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When consumers think “fast fashion,” their first thought might not be sustainable fabrics. But after years of hearing about how they are peddling “throwaway” apparel, leading retailers of low-price, trendy clothes are changing their approach. And to consumers, ecologically (and economically) balanced apparel is attractive.
The global retailer H&M is committed to using sustainable cotton; its goal is to grow its usage from 11.4% to 100% by 2020, says Catarina Midby, H&M’s head of fashion and sustainability communications.
“The way we see it, fashion is not that fast anymore,” Midby says. The company’s Conscious program includes apparel collections made from sustainable materials, as well as a range of green initiatives. “Neither do trends change very fast nor do we produce our collection very fast. We focus on quality and personal style. Our greener materials are organic, recycled or cellulosic (derived from plants). We have goals and strategies for energy, water, chemicals and much more.”
But sustainability still remains a grey area for consumers, who expect it but are not always willing to pay more for it. Because while more than half (57%) of all shoppers say “sustainability” claims are influential to their apparel purchase, just 23% “always or usually” buy clothes marketed that way, according to the Cotton Incorporated Lifestyle Monitor™ data and the Cotton Incorporated 2013 Environment Survey. Even fewer (15%) buy apparel positioned as “environmentally friendly.”
And just 26% are willing to pay more for clothes labeled as sustainable or environmentally friendly, according to Monitor data, though 51% say environmental friendliness is an important factor in their apparel purchase decisions, according to the Environment Survey.
However, consumers are willing to pay more for better quality apparel. And when asked what “good quality” means when shopping for apparel, 64% said “durable/long lasting,” Monitor data reveal. Additionally, when asked what “sustainable” means, 31% said “lasts a long time,” while 19% said “durable,” according to the Environment Survey.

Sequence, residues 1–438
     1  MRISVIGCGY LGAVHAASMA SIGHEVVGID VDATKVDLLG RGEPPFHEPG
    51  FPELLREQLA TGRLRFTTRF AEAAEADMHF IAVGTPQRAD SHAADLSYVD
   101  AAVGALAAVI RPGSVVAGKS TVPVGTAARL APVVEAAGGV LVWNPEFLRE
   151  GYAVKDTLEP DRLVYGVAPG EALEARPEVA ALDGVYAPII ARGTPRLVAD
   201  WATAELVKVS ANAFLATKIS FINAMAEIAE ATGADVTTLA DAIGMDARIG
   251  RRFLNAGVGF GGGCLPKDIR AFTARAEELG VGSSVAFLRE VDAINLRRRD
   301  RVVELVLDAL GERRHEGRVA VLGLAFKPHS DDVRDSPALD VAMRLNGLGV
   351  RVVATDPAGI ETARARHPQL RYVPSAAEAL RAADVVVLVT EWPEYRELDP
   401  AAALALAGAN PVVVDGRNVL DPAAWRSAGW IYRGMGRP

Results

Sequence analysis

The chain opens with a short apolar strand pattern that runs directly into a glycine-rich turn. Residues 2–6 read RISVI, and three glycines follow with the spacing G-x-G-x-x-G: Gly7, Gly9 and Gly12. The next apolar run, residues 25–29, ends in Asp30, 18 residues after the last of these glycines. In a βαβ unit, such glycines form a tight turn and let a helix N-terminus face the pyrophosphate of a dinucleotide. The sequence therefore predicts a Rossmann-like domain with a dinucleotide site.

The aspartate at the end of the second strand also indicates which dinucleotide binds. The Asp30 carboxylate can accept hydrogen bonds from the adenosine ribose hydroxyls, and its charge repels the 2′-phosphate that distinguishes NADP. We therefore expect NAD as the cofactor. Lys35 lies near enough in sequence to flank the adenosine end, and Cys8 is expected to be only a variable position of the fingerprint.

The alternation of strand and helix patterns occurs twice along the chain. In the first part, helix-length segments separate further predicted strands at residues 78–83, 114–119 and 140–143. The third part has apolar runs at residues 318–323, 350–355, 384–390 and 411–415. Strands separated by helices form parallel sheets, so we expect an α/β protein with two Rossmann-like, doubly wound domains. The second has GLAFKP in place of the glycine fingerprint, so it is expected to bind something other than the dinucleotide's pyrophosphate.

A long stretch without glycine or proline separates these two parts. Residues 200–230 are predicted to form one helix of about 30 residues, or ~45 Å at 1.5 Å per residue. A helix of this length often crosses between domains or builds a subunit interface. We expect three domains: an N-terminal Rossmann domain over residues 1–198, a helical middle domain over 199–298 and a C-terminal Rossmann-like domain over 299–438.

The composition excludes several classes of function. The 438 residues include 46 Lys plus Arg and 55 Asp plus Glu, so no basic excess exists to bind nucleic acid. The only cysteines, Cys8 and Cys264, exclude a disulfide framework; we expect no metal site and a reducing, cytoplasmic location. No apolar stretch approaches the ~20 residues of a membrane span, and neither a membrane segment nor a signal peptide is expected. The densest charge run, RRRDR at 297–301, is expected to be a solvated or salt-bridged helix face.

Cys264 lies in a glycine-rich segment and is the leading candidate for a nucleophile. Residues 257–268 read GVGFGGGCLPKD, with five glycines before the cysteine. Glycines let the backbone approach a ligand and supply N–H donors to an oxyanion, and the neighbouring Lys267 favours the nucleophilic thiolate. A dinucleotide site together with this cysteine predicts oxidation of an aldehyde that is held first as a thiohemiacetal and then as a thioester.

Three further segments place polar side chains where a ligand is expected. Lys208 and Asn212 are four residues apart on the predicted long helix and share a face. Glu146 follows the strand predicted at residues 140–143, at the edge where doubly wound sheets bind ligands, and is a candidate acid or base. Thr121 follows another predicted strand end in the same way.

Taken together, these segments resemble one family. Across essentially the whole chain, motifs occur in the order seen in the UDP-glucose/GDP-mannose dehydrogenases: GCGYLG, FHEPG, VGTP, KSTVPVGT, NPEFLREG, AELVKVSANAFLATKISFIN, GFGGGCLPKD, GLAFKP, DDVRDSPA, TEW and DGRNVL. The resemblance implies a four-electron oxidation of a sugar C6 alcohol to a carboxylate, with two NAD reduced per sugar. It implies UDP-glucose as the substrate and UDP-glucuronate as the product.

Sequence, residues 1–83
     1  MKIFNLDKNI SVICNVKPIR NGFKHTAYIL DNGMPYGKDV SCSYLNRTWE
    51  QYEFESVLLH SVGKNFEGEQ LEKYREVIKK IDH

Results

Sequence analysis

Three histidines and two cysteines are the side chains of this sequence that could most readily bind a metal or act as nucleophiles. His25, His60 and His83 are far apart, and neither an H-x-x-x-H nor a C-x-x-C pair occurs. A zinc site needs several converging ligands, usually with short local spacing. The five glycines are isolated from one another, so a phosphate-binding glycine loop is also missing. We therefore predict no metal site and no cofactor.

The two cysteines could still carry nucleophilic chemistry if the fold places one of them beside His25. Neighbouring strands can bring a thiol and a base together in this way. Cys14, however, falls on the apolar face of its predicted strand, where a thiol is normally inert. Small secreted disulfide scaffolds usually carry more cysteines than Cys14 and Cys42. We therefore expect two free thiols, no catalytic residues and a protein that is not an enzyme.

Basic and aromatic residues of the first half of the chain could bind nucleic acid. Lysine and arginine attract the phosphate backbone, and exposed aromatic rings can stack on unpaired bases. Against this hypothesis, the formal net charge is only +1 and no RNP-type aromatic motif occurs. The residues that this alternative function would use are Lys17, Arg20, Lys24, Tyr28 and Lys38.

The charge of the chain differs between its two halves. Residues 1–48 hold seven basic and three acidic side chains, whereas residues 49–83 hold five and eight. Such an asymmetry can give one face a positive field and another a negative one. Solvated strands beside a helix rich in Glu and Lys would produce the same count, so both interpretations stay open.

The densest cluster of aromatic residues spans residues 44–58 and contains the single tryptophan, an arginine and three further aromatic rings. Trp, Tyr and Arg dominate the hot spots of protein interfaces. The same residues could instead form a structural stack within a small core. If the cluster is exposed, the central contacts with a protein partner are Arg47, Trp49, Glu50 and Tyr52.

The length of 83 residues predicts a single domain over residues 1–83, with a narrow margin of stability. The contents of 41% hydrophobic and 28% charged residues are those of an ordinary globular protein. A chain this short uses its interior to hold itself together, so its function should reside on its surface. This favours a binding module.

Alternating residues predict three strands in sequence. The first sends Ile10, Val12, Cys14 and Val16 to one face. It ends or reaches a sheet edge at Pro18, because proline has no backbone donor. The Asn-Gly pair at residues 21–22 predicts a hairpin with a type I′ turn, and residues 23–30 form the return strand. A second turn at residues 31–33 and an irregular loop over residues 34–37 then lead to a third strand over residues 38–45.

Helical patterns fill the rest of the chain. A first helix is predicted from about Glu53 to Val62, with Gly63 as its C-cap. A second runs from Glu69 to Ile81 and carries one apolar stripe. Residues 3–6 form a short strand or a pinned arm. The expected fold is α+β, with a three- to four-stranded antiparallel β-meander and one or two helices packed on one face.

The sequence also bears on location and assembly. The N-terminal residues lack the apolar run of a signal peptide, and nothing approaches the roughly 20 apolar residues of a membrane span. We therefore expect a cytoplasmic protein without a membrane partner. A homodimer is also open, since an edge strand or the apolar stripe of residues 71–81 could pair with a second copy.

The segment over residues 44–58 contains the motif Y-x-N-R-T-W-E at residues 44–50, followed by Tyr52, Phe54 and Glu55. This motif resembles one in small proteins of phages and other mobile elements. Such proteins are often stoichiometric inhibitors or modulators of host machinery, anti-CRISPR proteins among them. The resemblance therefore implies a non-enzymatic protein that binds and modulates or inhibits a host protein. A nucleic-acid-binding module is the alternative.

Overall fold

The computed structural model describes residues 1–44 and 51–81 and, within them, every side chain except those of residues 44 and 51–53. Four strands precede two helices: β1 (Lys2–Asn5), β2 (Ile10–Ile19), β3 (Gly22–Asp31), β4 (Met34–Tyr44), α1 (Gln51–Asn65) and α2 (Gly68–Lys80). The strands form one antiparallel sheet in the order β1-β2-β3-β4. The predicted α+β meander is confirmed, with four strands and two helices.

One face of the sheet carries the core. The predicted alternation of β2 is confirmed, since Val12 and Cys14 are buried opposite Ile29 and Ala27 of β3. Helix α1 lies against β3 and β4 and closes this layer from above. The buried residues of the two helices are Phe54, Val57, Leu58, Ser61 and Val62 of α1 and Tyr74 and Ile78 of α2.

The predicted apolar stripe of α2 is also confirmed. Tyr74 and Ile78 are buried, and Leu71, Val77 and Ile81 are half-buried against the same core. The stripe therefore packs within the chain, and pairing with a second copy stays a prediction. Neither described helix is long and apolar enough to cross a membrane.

Patagonia’s Todd Copeland, environmental product specialist, says durable products are more responsible in their utilization of raw materials and labor resources — something his company strives to make.
“But people change their wardrobe when fashion changes, or when they get bigger or smaller, or when they get tired of wearing the same thing,” says Copeland, who also works in collaborative groups like the Sustainable Apparel Coalition and the Textile Exchange. “So clothing is still somewhere between a ‘durable’ product and a ‘disposable’ product.”
The Sustainable Apparel Coalition, which includes Cotton Incorporated as a member, is a trade association representing more than a third of the global apparel and footwear industries, formed to address current social and environmental challenges to the industry. Last summer, it unveiled the Higg Index, a tool to measure sustainability. It focuses on water use and quality, energy and greenhouse gas, waste, chemicals and toxicity.
Target, which has had numerous high/low fast fashion collaborations, adopted the Higg Index within parts of its supply chain. Upon the Higg Index’s debut, Target’s Scott Lercel, director of social responsibility and sustainability, said, “This tool allows our teams to make better decisions, improve our supply chain and, most importantly, reduce our impact on the global environment.”
Inditex Group, the parent company of Zara stores, has a strategic environmental plan that aims reduce CO2 emissions by 10% in 2015, and by 20% in 2020 when compared to 2005. It also intends promote eco-friendly alternatives in the development of new products and ancillary materials.
All of these corporate initiatives are significant. Because even though just 33% of consumers are even likely to seek out environmentally friendly clothes, 69% would be bothered if they found out an apparel item they purchased was not environmentally friendly, according to the Environment Survey. And 40% of consumers say they would blame the manufacturer if they purchased apparel and then found out it was produced in a non-environmentally-friendly way.
Midby says H&M understands that.
“We don’t really promote sustainability, but we do have long term plans and visions for a sustainable fashion future.”
H&M’s overall goal is to have all the cotton it uses to be sustainably produced by 2020. It has also partnered with WWF to implement holistic water stewardship and set new industry standards. And its Long Live Fashion initiative encourages shoppers to return old clothes to its stores. From there, a sorting facility determines if they can be reworn, reused by being converted to something like cleaning clothes or recycled. And in the aftermath of the deadly factory collapse in Bangladesh that killed more than 1,100, H&M and other companies who manufacture apparel there also signed a factory safety pact, vowing to overhaul health and safety measures.
Copeland says the recession accelerated the move from “throwaway” fashion. In fact, the average shopper spends $70 each month on clothes, the Monitor finds, but these days, 67% prefer to skip trendy pieces and instead buy clothes that are higher in quality.
“With less disposable income, purchases are more deliberate,” Copeland says. “This buying practice can influence more responsible production of goods, but it remains to be seen whether this is a long-term behavioral change.”
This article is one in a series that appears weekly on WWD.com. The data contained are based on findings from the Cotton Incorporated Lifestyle Monitor™ Survey, a consumer attitudinal study, as well as upon other of the company’s industrial indicators, including its Retail Monitor and Supply Chain Insights analyses. Additional relevant information can be found at CottonLifestyleMonitor.com.